Study finds the bulk of shoes’ carbon footprint comes from manufacturing processes.
(The MIT United Way campaign aims to raise $322,000 for the United Way of Massachusetts Bay. Many members of the MIT community donate their time as well as money to one or more of the more than 200 non-profit social-service agencies helped by UWMB. During the campaign, Tech Talk has been periodically profiling some of these people.)
Many members of the MIT community donate time and money to various United Way organizations in the Cambridge/Boston area, but MIT as an institution makes significant contributions as well. Sarah Gallop and Paul Parravano in the President's Office of Government and Community Relations coordinate many of these institutional efforts.
MIT assists a variety of Cambridge social-service agencies by contributing items such as used furniture and equipment, use of MIT's facilities, and a range of technical expertise as well as financial assistance, explained Mr. Parravano, assistant for community relations. He and Ms. Gallop also serve as board and committee members for a number of Cambridge social service agencies
"The partnership between MIT and the City of Cambridge is important. We try to identify opportunities to share MIT's wide variety of resources with the community," said Ms. Gallop, assistant for government relations.
Among the agencies assisted by MIT is Tutoring Plus, where Cambridge school children from the Area IV neighborhood can receive one-on-one academic support. MIT students and staff often volunteer in these homework centers. The Margaret Fuller House, where Tutoring Plus is housed, provides day care, a food pantry and parent counseling.
The Community Art Center, which offers teens the opportunity to explore video, film and other visual arts, also receives assistance from MIT. Director Susan Richards-Scott an MIT alumna, was herself a participant in the center's activities as well as an Area IV resident.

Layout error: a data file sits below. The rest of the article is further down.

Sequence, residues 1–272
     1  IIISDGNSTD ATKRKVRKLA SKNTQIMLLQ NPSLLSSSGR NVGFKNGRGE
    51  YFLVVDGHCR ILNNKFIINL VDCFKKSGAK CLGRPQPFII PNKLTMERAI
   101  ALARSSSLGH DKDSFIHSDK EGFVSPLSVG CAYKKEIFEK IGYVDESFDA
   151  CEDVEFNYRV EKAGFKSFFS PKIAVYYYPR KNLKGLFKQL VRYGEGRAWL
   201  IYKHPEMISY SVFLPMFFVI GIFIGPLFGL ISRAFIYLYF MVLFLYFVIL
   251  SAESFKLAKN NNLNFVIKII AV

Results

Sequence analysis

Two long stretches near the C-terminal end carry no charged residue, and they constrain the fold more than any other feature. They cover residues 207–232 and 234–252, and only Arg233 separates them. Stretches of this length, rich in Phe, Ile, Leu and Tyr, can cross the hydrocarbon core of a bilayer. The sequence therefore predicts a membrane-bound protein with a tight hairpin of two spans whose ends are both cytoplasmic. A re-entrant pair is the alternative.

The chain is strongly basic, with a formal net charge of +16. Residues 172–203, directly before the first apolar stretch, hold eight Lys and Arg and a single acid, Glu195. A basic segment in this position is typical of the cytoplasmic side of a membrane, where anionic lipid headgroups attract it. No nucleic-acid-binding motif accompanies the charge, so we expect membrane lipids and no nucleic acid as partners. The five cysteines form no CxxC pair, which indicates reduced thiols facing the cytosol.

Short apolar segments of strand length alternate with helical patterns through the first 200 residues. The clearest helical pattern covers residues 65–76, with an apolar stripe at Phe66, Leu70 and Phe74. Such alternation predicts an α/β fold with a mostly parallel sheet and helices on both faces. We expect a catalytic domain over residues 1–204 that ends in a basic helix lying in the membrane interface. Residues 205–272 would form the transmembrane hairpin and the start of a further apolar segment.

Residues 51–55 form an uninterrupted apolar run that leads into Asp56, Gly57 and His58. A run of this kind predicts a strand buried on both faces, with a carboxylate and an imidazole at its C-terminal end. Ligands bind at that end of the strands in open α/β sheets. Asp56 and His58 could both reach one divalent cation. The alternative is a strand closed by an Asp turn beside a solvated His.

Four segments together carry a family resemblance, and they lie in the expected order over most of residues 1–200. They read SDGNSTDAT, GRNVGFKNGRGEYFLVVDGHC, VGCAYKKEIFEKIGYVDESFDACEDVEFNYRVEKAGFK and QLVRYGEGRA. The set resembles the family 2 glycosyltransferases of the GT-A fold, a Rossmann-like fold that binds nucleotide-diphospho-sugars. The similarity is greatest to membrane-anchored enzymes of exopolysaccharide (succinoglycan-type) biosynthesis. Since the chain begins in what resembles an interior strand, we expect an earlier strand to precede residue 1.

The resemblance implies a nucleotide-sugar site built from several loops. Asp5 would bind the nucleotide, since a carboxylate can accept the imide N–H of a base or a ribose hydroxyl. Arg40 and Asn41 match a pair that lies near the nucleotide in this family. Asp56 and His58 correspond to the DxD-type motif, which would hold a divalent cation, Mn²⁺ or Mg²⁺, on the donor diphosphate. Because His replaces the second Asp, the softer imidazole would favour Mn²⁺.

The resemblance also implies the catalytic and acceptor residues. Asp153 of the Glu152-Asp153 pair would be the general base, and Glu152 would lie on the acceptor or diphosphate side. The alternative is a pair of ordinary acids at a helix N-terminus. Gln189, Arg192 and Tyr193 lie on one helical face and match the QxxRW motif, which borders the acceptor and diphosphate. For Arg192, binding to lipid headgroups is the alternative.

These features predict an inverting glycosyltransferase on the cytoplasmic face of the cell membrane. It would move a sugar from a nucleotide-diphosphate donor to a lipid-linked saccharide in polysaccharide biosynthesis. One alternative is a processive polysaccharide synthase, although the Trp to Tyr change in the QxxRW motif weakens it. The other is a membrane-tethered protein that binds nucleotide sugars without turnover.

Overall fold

In addition, Mr. Parravano serves on the board of the Cambridge Family YMCA, which provides fitness classes, after-school programs and summer camps for Cambridge children, and Ms. Gallop is a board member and program committee chairman of Shelter, Inc. That agency, which operates facilities in Boston, Cambridge and Medford, provides shelter, food, counseling and life skill programs to homeless families and individuals.
As board members, "we hope that our involvement will result in further linkages between MIT and the non-profit community," Mr. Parravano said.
United Way donors can target their contributions specifically to the Community Art Center, the YMCA and Shelter, Inc. by filling in the corresponding agency numbers on their pledge cards. Tutoring Plus is not a designated United Way agency, but it is eligible to receive United Way donations if donors write in the name on the pledge card.
During its annual Community Service Fund drive, MIT assists a larger group of Cambridge organizations, some of which are also United Way agencies. The Community Art Center, Shelter, Inc., and Tutoring Plus are also funded by the Kendall Community Group, which consists of MIT, Draper Labs, Polaroid, Lotus Development Corp., and other corporate sponsors.
Much of MIT's community service is not offered in an official capacity; many people volunteer their time individually, Ms. Gallop noted. These types of contributions were recently recognized by the Institute in the establishment of the MIT President's Awards for Community Service. This year's recipients were Yvonne L. Gittens, associate director of the Student Financial Aid Office, and MIT alumnus Gordon N. Gottsche, director of the Cambridge-based Just-a-Start Corporation and an MIT alumnus (Tech Talk, November 30).
"I'm very grateful for the positive atmosphere here at MIT which promotes a supportive environment for carrying out community service initiatives," Mr. Parravano said.
The President's Office of Government and Community Relations is involved in a broad range of activities with the City of Cambridge, including the schools, the local government, community groups, and non-profit organizations. The office prepares a periodic newsletter highlighting these projects and programs. To receive a copy or to learn more about the office's activities, call 253-1989. In addition, the Public Service Center in the Office of Undergraduate Education and Student Affairs acts as a clearinghouse to match volunteers with agencies that need them.
A version of this article appeared in MIT Tech Talk on January 11, 1995.